By Pike, Kelly
Independent Banker , Vol. 56, No. 3
While non-bank competition grows, community banks meet the challenge with innovation and quality service
H&R Block wants them. Blue Cross Blue Shield wants a piece of them. Tax-exempt credit unions have been trying to woo them for years. Wal-Mart has spent millions of dollars squirming through every loophole in the book to get every bit of them. Rich or poor, retail or commercial, city or country, community bank customers are the target of non-banks that seem to multiply every year.
Community banks may feel surrounded by niche players nibbling away at their core business, but now is not the time to wave the white flag. Remaining flexible, knowledgeable and innovative are the keys to overcoming the latest onslaught of oversized, sometimes tax-subsidized, behemoths your bank is up against.
"We found we can be successful not just by what we offer but how we offer it," says Rick Bastion, president of $420 million-asset Blackhawk Bank in Beloit, Wis.
Take for instance health savings accounts (HSAs)-tax-advantaged savings plans for people with high deductible health plans. When Blackhawk Bank was researching the field in 2004, the bank found HSAs were dominated by large, more established competitors that "make fees and charges a centerpiece of the way they do business," says Bastion. Research also showed many insurance agents and employers were daunted by the product because they didn't know how to fit HSAs into an overall benefits plan or how to explain them to employees
"We felt everybody else was offering products, but no one was helping people buy it," says Bastion. "There are lots of small to medium-sized businesses, and if we positioned ourselves as a human-resource resource, we'd get more than our share of business."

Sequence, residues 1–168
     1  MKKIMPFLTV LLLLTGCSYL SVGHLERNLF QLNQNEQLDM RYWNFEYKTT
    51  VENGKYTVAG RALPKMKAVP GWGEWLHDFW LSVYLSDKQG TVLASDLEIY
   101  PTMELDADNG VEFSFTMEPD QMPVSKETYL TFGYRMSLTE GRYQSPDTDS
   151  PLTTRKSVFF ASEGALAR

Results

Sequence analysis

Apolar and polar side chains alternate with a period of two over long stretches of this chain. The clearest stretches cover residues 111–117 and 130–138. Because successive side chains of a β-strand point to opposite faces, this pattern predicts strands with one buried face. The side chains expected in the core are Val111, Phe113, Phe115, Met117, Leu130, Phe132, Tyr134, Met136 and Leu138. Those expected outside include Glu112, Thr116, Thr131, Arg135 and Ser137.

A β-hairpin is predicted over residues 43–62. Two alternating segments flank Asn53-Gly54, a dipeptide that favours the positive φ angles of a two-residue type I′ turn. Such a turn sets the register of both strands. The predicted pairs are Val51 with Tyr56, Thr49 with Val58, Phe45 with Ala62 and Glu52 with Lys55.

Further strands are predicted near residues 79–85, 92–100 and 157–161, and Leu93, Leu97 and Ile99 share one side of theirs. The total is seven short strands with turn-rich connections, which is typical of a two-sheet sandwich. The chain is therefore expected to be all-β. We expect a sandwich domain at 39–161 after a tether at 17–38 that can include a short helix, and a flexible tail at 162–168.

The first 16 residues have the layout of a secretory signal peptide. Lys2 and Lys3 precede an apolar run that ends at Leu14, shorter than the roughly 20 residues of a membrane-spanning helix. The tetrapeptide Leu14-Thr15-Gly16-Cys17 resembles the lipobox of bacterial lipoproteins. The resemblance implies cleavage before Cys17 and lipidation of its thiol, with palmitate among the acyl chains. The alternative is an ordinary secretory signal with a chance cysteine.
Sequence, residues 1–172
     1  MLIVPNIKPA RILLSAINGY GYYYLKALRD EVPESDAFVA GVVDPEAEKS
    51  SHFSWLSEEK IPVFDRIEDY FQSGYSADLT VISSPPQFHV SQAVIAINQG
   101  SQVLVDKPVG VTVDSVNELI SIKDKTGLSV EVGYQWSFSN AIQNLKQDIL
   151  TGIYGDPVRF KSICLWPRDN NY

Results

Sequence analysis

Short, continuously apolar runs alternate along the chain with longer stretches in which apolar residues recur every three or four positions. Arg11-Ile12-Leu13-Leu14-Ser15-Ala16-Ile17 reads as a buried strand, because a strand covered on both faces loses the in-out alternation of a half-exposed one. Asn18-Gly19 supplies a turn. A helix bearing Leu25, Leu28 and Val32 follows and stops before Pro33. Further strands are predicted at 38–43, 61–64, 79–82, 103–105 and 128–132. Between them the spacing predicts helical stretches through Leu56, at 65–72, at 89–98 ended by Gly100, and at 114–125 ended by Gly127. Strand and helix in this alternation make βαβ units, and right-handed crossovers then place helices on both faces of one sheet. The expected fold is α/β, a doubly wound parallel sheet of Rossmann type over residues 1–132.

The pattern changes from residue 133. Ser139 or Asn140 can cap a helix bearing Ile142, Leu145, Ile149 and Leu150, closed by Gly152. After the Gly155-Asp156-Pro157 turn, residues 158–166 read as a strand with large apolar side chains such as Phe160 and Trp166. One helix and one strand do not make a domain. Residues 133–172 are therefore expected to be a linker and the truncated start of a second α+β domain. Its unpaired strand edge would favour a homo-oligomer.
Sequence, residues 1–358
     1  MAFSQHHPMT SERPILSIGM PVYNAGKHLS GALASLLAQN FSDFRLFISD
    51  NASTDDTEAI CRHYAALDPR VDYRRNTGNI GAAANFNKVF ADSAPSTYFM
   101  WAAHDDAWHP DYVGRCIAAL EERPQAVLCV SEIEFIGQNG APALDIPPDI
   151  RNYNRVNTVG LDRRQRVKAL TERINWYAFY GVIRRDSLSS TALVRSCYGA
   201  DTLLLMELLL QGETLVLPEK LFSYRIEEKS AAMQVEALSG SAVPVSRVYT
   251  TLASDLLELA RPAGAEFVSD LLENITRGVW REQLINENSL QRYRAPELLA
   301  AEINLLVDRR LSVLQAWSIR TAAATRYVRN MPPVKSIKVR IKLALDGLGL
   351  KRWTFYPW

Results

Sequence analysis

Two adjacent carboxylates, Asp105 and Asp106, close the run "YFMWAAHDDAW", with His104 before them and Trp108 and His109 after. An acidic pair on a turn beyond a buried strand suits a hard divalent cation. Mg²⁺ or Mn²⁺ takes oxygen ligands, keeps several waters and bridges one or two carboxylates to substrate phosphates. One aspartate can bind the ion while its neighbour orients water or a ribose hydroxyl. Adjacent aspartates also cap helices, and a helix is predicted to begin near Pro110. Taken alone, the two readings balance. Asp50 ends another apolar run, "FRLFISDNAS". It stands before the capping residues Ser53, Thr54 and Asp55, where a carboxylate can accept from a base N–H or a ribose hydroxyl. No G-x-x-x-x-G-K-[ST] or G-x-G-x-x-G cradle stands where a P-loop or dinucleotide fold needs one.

Blackhawk Bank chose to minimize fees, treating HSAs much like it would a checking account, and maximizing customer handholding by managing the product within the bank's human resources department. Launched in October 2004, today Blackhawk Bank serves employers in 18 states and sends employees all over the Midwest to educate groups about the intricacies of the product.
"It's allowed us to be locally recognized as the expert with agents and employers," says Bastion.
Though Bastion is hesitant to reveal the extent of the bank's HSA accounts for competitive reasons, the number exceeded the new checking accounts opened at the bank during the same period. While they haven't done much to add fee income yet, HSAs have a larger average balance than demand deposit accounts and a limited number of transactions. As the product becomes mainstream, Blackhawk Bank will re-examine its fee policy, but for now it will concentrate on growing balances.
Meanwhile, healthcare giant Blue Cross Blue Shield-which provides healthcare coverage to nearly one-in-three Americans-is planning to open an industrial bank in Utah in July 2006. Blue Healthcare Bank, as the entity will be known, will allow people insured by the company to set up flexible spending accounts and health reimbursement accounts. Those accounts will make it easier for Blue Cross users to pay medical expenses from those accounts through debit cards and checks, the healthcare company said. Of course, the Blue Cross accounts could come with a bunch of fancy bells and whistles and add-ons, from overdraft protection to Internet banking to, possibly, fund investment management.
The impact from Blue Healthcare Bank on other financial institutions should be limited to those involved in HSAs, according to research by Aamer Baig, a partner with DiamondCluster, a global management consulting firm. "From a revenue standpoint, the [Blue Healthcare Bank] play is focused on account management, which is actually not the most lucrative opportunity for banks in the emerging HSA value chain," Baig wrote. "Many banks will be willing to forgo the administrative tasks of recordkeeping, safekeeping of funds and managing the enrollment process. …